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Grey Treefrogs Reveal New Clues about Climate Change

First Posted: Feb 03, 2016 10:35 AM EST

Grey treefrogs may reveal new clues about climate change. Scientists have found that increasing temperatures and climate variability may have an effect on the sounds produced by these frogs, making them canaries in the coal mine.

Grey treefrogs are a common species found in North America and throughout the eastern two-thirds of the country, including Missouri. They have sticky toe pads that help them cling to windows, and also a mating call that distinguishes them on warm, summer evenings.

"In a way, the decline of the polar bear has become the face of climate change; yet grey tree frogs located in our own backyards might give us better clues about changes in the environment," said Sarah C. Humfeld, one of the researchers, in a news release. "Our team wanted to take a look at how rising temperatures might affect how female gray tree frogs interpret the signals given off by males and whether or not that might interrupt their breeding habits."

During the mating season, male treefrogs produce calls to attract potential mates. Females interpret various characteristics of the trilled call to help them locate a high-quality male of the correct species. The pitch and rate of trilling can actually be temperature-dependent, often corresponding to rising or falling temperatures experienced by these animals.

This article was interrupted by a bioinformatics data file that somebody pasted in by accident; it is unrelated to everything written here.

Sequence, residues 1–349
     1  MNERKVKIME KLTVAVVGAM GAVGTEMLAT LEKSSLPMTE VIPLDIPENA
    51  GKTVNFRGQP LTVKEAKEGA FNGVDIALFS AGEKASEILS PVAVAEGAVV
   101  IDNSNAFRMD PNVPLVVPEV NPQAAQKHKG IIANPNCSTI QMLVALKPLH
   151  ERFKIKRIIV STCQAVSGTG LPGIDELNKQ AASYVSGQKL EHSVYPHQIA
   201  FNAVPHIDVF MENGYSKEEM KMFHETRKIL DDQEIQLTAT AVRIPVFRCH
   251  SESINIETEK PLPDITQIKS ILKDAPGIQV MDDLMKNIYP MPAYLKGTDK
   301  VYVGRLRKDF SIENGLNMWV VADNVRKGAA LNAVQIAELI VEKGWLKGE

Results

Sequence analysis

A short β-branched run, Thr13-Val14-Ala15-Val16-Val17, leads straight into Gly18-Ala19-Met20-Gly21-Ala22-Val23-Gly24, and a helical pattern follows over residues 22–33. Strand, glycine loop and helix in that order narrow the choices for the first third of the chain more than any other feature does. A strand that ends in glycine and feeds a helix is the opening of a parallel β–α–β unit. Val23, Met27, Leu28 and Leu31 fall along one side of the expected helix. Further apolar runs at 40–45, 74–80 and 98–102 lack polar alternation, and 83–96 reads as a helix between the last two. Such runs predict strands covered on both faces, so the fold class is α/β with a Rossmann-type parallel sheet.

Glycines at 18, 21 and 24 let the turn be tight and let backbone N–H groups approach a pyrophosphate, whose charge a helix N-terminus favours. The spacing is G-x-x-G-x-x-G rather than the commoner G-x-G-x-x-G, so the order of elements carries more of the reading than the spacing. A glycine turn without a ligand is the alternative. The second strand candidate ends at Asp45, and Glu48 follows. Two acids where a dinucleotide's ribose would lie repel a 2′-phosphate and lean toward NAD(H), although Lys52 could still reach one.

"We found that temperature didn't have a great effect on females and their interpretation of the mating call; however, these are still important findings," said Humfeld. "Amphibians are the veritable 'canary in the coal' mine, an indicator species that can send signals to scientists who study the effects of rising global temperatures. Knowing more about how their mating habits are affected by climate change can help us study the ways rising temperatures are affecting biodiversity. Findings from our study help add to the knowledge base needed to study thermal tolerance levels for various species and the steps conservation managers can take to maintain various ecological systems."

The findings are published in the journal Herptological Conservation and Biology.

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